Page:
When it comes to dealing with stress, it looks like plants are the superior species.
A new study reveals that plants are capable of self-medicating when they are under stress. If you’re envious of that ability, you are understandably not alone.
Most people turn to modern medicines when they experience some type of pain. Aspirin is one of the more common and accessible drugs on the market, as it can be bought over the counter without a prescription.
And aspirin is even more accessible to plants, because they can produce their own supply of this drug.
Researchers published an article recently on the topic, and they observed how plants are able to produce salicylic acid, more commonly known as aspirin, to protect themselves from stress brought by environmental hazards like pests, heat, and even thirst.
By understanding the process of how plants are able to regulate their production of aspirin, the researchers say that it may help the survival of other types of plants from the effects of climate change.
“We’d like to be able to use the gained knowledge to improve crop resistance,” said Jin-Zheng Wang, co-author of the new study. “That will be crucial for the food supply in our increasingly hot, bright world.”
The production of salicylic acid in plants is seen as a defense mechanism. The research team mentions that environmental stresses result in the formation of reactive oxygen species (ROS) in all living organisms. ROS have an important function in plant cells but high levels of ROS in plants are lethal, they said.
“At non-lethal levels, ROS are like an emergency call to action, enabling the production of protective hormones such as salicylic acid. ROS are a double-edged sword,” Wang said.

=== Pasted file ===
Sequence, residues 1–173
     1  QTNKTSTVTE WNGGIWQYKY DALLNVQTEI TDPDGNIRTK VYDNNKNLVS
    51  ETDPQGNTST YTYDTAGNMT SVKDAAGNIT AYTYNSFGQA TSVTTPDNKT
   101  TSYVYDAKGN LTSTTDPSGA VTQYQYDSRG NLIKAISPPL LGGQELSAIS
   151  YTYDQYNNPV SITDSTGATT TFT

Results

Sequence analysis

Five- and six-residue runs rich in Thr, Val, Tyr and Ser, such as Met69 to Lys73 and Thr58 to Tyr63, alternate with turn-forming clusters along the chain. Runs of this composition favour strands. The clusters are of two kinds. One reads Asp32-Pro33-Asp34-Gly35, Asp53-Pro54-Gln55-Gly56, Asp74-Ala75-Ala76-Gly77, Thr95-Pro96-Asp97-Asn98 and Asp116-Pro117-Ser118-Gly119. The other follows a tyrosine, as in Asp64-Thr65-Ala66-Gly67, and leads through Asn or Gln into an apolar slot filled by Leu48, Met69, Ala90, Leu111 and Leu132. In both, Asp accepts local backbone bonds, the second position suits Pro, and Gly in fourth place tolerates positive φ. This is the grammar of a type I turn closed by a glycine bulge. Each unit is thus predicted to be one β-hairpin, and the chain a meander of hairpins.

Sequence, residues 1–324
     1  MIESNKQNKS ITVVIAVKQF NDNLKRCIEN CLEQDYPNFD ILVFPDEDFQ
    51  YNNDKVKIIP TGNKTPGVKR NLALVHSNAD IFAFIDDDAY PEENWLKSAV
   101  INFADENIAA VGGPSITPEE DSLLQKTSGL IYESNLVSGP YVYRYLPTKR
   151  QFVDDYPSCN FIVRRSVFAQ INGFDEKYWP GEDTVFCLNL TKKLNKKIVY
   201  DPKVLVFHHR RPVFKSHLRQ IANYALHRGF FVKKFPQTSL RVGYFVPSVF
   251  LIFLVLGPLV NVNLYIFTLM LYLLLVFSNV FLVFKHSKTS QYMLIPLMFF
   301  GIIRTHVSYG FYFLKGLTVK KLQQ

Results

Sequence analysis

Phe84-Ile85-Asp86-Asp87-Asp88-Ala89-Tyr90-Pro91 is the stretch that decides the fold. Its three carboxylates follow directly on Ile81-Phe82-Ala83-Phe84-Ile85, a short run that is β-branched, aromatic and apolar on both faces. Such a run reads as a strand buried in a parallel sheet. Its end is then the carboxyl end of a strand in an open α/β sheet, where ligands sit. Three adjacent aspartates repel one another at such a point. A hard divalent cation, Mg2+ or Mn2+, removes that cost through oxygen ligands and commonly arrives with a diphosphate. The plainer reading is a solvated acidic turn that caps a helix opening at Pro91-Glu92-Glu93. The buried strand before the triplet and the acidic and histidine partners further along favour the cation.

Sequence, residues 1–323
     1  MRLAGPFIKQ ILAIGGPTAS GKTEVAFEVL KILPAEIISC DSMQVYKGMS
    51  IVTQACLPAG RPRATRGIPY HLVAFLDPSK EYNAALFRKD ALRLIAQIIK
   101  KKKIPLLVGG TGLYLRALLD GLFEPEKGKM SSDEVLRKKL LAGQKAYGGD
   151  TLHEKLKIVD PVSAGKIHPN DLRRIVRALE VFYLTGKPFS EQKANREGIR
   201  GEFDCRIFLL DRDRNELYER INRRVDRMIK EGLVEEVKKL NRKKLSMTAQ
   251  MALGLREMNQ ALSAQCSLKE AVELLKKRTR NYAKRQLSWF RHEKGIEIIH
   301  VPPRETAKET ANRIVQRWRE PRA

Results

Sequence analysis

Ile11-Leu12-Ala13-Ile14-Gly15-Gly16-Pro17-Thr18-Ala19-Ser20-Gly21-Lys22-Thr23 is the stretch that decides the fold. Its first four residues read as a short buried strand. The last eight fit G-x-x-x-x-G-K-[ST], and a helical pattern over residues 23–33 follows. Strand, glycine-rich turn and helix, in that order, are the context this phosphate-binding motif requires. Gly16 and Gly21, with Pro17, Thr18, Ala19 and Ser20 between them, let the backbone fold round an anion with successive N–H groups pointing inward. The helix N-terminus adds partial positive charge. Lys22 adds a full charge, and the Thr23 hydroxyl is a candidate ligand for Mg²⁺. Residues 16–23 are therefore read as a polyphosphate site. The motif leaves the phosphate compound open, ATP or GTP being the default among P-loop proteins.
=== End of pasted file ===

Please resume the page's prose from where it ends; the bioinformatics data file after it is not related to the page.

During their research, the scientists discovered that heat, prolonged exposure to sunshine, or drought cause plant cells to generate an initial alarm molecule as MEcPP. The accumulation of this molecule in plants is what triggers the production of salicylic acid, thus beginning the defense mechanism of the plant.
“It’s like plants use a painkiller for aches and pains, just like we do,” said Wilhelmina van de Ven, co-author of the article.
“Because salicylic acid helps plants withstand stresses becoming more prevalent with climate change, being able to increase plants’ ability to produce it represents a step forward in challenging the impacts of climate change on everyday life,” Katayoon Dehesh, co-author of the study, said.
“Those impacts go beyond our food. Plants clean our air by sequestering carbon dioxide, offer us shade, and provide habitat for numerous animals. The benefits of boosting their survival are exponential,” Dehesh said.